When I first recommended shares of American Express, the company wasn’t going through a scandal per se, but many investors considered it a crisis. American Express lost its co-branding partnership with Costco (Nasdaq: COST). Investors fled the scene, essentially leaving it for dead. The stock tumbled 45%.

We stepped in and picked up shares for only about seven times cash earnings, a valuation the stock hadn’t seen since the 2008-2009 financial meltdown.

Since taking advantage of the “Costco Crisis,” we are up a market-crushing 190%…

There are numerous stories like Wal-Mart and American Express. Of course, not every company undergoing a crisis makes a great investment. It’s a fine line to walk, and you have to be able to spot what separates a winner from a dud.

Here are a few things I look for in potential winners…

  • A Wonderful Business. I realize this first one is subjective. But it’s key. And you don’t even need to know the business inside and out. For example, with American Express, was its entire business reliant on Costco? No. American Express would continue issuing credit cards to higher credit-worthy customers while delivering exceptional customer service. Did its business take a hit on the Costco loss? Yes. But it wasn’t going to put it out of business.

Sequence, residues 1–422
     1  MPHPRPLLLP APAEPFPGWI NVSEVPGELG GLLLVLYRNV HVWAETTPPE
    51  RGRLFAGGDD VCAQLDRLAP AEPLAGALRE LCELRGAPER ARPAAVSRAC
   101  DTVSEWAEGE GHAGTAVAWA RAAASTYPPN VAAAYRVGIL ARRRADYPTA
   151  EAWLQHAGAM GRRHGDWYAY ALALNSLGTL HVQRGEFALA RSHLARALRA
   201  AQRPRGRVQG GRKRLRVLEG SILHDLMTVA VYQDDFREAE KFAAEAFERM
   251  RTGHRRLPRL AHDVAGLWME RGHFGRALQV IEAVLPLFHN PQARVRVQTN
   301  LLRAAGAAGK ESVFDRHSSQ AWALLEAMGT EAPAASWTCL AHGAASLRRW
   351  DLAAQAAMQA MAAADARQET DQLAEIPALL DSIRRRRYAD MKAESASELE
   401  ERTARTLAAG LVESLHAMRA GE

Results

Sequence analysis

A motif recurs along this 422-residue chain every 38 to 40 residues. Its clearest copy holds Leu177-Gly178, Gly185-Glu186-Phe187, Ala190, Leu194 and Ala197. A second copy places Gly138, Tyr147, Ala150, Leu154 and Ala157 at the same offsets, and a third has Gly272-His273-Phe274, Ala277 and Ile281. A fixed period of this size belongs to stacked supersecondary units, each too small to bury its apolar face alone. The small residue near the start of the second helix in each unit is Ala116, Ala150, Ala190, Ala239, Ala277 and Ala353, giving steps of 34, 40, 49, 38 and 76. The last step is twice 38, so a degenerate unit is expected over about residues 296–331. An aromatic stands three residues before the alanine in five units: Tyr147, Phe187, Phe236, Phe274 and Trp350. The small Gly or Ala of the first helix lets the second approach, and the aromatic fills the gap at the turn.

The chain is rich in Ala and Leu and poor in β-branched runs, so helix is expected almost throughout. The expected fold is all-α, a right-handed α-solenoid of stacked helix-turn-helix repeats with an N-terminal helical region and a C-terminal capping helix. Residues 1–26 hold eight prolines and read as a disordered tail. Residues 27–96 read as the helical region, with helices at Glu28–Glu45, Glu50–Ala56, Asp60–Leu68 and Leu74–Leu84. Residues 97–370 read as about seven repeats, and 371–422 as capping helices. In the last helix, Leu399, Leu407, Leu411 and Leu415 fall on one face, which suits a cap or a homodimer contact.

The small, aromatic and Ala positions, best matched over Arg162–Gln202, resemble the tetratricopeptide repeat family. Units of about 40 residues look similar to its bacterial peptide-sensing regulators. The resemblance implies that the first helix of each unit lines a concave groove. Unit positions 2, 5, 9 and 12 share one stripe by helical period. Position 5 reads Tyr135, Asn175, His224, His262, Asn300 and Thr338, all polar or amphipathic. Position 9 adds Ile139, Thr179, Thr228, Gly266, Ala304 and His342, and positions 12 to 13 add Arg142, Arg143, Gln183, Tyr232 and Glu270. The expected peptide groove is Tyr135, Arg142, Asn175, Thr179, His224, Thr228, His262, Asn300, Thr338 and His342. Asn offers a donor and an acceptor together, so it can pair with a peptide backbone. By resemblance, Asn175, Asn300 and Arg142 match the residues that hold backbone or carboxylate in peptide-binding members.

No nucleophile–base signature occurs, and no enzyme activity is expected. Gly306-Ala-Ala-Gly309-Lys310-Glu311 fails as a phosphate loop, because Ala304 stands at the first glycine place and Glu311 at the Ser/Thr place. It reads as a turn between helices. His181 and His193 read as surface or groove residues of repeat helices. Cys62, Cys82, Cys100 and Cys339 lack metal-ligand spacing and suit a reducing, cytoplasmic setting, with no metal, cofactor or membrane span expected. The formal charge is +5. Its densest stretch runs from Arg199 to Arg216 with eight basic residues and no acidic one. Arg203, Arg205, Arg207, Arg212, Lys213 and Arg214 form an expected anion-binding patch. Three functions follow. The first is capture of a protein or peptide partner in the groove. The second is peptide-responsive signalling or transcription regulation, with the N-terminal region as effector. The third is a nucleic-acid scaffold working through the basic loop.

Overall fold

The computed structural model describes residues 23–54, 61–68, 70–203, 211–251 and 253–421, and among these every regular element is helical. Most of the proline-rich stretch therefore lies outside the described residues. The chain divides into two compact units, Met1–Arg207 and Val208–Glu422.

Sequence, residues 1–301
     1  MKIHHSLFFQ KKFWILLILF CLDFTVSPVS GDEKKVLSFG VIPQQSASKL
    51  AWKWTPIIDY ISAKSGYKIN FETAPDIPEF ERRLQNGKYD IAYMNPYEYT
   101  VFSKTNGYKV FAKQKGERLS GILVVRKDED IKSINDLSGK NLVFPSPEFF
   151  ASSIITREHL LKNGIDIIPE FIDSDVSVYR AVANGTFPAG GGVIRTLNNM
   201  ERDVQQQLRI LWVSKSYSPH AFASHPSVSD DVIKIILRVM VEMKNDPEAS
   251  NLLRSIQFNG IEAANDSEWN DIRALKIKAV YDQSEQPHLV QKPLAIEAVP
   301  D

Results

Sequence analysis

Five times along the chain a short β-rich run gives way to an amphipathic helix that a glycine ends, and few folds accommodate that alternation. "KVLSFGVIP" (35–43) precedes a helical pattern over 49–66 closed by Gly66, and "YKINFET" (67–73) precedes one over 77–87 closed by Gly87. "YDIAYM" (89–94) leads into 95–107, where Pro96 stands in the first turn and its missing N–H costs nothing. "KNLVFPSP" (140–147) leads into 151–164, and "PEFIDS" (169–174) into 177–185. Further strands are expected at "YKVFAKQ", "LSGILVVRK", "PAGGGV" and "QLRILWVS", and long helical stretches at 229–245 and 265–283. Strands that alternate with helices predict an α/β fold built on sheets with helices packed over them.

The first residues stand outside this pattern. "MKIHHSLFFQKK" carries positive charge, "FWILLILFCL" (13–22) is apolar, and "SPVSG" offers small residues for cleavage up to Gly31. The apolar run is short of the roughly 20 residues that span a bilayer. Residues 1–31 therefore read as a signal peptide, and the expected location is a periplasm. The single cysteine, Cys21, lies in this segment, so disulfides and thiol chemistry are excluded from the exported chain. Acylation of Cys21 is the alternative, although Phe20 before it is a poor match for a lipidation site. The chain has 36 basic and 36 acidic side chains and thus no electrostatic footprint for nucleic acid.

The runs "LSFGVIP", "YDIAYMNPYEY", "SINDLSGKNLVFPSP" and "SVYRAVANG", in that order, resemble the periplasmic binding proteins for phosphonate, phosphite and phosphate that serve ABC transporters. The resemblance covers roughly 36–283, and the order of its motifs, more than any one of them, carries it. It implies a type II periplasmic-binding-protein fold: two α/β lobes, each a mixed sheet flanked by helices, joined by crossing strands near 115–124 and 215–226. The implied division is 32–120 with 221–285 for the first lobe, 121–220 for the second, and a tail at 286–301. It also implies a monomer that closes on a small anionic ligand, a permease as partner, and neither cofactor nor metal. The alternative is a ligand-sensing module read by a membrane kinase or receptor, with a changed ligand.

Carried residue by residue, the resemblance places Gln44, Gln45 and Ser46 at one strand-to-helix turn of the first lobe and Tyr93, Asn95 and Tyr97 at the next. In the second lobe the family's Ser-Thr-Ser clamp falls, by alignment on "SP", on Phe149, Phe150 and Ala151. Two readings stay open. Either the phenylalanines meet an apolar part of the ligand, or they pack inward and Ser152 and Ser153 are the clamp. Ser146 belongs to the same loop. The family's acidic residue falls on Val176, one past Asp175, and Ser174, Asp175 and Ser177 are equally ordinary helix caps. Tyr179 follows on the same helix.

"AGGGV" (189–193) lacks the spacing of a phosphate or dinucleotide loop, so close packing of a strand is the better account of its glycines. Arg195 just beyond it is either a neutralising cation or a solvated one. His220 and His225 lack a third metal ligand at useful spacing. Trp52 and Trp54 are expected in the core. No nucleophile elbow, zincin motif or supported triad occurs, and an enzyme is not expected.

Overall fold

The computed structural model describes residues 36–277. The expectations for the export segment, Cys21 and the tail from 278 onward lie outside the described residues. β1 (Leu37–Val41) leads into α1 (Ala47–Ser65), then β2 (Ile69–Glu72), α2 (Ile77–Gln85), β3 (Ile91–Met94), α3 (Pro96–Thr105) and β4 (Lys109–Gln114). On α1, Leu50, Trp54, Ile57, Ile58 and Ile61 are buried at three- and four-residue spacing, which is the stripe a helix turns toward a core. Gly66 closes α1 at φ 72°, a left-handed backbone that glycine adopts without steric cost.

• Operational Efficiency. Is this a company that can quickly get back to generating cash? Sure, its crisis might lead to a temporary earnings or cash flow loss. But once this crisis is behind it, how quickly can the company get back to generating free cash flow?

    With American Express, the company’s earnings took about a 50% haircut but grew 153% the following year — higher than before the Costco crisis. Same with cash flow. Cash flow took a hit, then soared 52% the following year, and hasn’t looked back.
  • Shareholder Friendly. Is the company focusing on shareholder growth either through dividends or share repurchases? When crisis strikes, it often provides a nice reset of priorities for companies. They once again focus on and deliver shareholder value. Many companies talk about delivering shareholder value, but it’s often just talk. You want to see management execute on their promises.

    American Express didn’t waver in their dividends. In fact, it continued to increase its dividend as it worked its way through its Costco Crisis. The company also reduced its outstanding shares from over one billion pre-Costco crisis to 747 million today.

Closing Thoughts

As I walked through my latest recommendation over at Capital Wealth Letter, I realized it went through its own crisis. But management remained focused on the three keys I discussed above. And while it still isn’t out of the darkness yet, I believe the risk/reward setup is too good to pass up.

I doubt everyday investors have heard of this company. And he ones that have, have left it for dead. That’s okay. As Warren Buffett always says, “Be greedy when others are fearful…”